It wasn’t just the Thai language and its lacy script that rendered me illiterate. So also did the sheer variety of ingredients, the creatures – crawling, swimming, splayed, and grilled – and the vast range of vegetables and fruits on display in the Warorot market in Chiang Mai, Thailand. My adrenaline levels soared as if…

The Wonder Spice: A Review of Turmeric, a Cookbook by Colleen Taylor Sen and Helen Saberi

Several years ago, I set up an informal experiment with an observation of two: in my tiny two-person household, I cooked and ate only Indian food for one month, relying heavily on cookbooks by Julie Sahni and Madhur Jaffrey. I felt terrific, with more energy and alertness than I knew what to do with. Of…

Pears – an Exploration of Ancient Food Preservation

The soft, beguiling fragrance permeates the air, rising above the aroma of the Jonagolds and the Galas, even over the sweet perfume of the Golden Delicious apples piled in baskets, resembling yellow baseballs. The knobby Bartlett pears (Pyrus communis), also known as the Williams pear, still slightly green but with a small and promising pink…

Exploring the Delicacies of Indonesia, in the Shadows of the Volcanoes

CYNTHIA D. BERTELSEN | Special to The Roanoke Times Sunday, September 29, 2013   At the fish market, the man in black hoisted a bucket of fish to his well-muscled shoulders and strained to keep from slipping on the algae-covered steps. Picking his way out of the churning water, he plunked the bucket down and grabbed…

Why Do We Cook?

What does it mean to cook? Some - Harold McGee for example - would say that cooking means to prepare food by heating, while others, such as historian Rachel Laudan, extend the definition to include modes of preparation beyond heating. I tend to agree with the latter and not the former. So, with that sticking point…

Julie Sahni -Talk About Great Indian Food!

Like most of you (I hope), I have been cooking from Julie Sahni's cookbooks for years.  I learned to feel utterly confident that Ms. Sahni's recipes really work and come close to what people from India know about good food. One weekend my husband's office held a pot-luck at a colleague's house. Feeling assured that…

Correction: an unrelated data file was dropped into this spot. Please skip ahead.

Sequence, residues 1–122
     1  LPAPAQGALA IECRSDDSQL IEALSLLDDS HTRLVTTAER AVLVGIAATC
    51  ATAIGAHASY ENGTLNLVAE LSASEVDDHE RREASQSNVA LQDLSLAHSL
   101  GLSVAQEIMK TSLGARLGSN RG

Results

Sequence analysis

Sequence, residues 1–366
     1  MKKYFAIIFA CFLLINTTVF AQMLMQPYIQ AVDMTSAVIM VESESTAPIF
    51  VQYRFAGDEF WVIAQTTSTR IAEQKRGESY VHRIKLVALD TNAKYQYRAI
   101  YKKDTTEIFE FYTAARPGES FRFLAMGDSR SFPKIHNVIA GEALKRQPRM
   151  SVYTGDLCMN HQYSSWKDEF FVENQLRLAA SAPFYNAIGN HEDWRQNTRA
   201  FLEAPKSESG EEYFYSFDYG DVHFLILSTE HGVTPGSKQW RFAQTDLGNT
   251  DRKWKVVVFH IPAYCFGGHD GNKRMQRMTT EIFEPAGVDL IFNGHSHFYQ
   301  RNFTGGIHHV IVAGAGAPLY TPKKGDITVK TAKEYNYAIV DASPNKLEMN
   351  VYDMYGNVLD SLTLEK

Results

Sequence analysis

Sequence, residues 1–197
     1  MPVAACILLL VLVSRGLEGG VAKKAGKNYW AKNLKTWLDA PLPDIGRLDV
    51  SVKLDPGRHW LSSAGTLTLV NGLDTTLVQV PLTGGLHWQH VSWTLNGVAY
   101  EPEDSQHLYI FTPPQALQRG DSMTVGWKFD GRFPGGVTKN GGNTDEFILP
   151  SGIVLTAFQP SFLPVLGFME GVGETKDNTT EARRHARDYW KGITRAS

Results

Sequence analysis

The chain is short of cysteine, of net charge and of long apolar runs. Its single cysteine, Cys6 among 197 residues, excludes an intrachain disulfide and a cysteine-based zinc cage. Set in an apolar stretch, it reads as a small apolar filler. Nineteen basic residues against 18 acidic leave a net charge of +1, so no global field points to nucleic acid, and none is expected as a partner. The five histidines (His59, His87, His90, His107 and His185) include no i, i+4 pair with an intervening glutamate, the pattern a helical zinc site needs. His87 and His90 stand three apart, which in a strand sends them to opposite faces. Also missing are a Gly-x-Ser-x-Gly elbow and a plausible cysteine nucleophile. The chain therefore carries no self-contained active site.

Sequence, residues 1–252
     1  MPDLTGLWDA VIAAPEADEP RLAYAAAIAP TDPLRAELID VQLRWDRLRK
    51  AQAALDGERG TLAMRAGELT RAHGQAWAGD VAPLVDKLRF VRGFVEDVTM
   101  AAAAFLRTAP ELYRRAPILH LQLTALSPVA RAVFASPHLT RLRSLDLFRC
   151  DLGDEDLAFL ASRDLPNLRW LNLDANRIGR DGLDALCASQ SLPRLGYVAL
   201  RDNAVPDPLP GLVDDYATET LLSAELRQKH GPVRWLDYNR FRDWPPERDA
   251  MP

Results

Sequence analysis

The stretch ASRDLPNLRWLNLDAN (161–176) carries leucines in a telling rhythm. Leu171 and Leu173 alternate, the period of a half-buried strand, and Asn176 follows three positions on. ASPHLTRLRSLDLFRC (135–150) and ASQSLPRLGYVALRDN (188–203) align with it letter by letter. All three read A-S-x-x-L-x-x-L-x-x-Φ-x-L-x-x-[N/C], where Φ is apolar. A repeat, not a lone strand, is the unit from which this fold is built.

Mushrooms on My Mind, Naturally

It’s hard to imagine another form of earthly life that has affected human beings as much as the kingdom Fungi. Seeking the taste and perceived medicinal benefits of mushrooms,human beings followed a path from superstition to science: from foraging to farming, from medieval old wives’ tales to modern clinical trials, and from food eaten to…

Journeys versus Destinations: Homesick for My Food

I’d never experienced it before. Amoebas, yes. Worms, yes. Dengue, yes.  Broken bones, yes. Malaria dreams, yes. But not cravings for thick juicy hamburgers or plump buttermilk pancakes swimming in melted butter and golden maple syrup or crispy fried chicken with cream gravy. In spite of all the years of traveling and living among cultures…

Journeys versus Destinations: Adventures in Indonesia

 Adventures in Indonesia: Copy and paste this link for a direct line to the Power Point presentation:  https://cbertel.files.wordpress.com/2013/07/mike-and-cindy_s-most-excellent-adventures1.pptx This is a Power Point file that I have been working on. If you do not have Power Point, you will not be able to see the post. If you do have Power Point, be sure to…

Journeys versus Destinations: Initial Comments on a Sojourn in Indonesia

I too for years have been stirred by the sight of a solitary cloud drifting with the wind to ceaseless thoughts of roaming. ~ Matsuo Basho, The Narrow Road to Oku I cannot forget his face. Soaked with sea water and sweat, grimacing with the physical effort of his daily labor, the lines telling of…

In My Grandfather’s Garden, or, a Long Apothegm on Apricots

I don’t really remember my grandfather very well, for he died just a month before I turned 14. Yet he left a legacy that lies hidden deep in my brain, a usually dormant place where I apparently shelve all my food memories. But in the right circumstances, and with the right stimulus, that place –…

Keep Calm and Carry On: Cows as Zen Masters

The cow stood there, stoically it seemed to me, chewing with lazy abandon, while I fumbled with the focus on my camera. She rolled her big weepy eyes, as cows are wont to do when confronted with something new. Coincidence or not? I pressed the shutter and peered at the tiny LCD screen, the sun's…

Cheese + Flour + Yeast + Salt + Eggs = The Ancient Mystery of Bread

To contemplate bread even more, please go my previous post, Panis Gravis, or, Bread, Endless Nurturer. I’ve baked bread for years and years. In fact, except for the odd hamburger bun, my family never eats “boughten bread,” as my mother-in-law called it. In a time when “carbohydrate” evokes images reminiscent of horror films, singing the…

From Russia with Love: Cooking Utensils

The theme of next year's Oxford Symposium on Food and Cookery centers around "Food and Material Culture." The spoons captured my interest and so I decided to take a quick peek at other utensils. I never get tired of looking at the tools that people created for cooking their food, food that gave them the…

The Roger Smith Cookbook Conference

Just a reminder that you will be able to see some 10 of the 28 sessions live and for free on Friday and Saturday, February 10 and 11, 2012. See schedule of free sessions below. To brighten up a dreary February in 2011, a group of food scholars and cookbook writers started a cookbook conference.…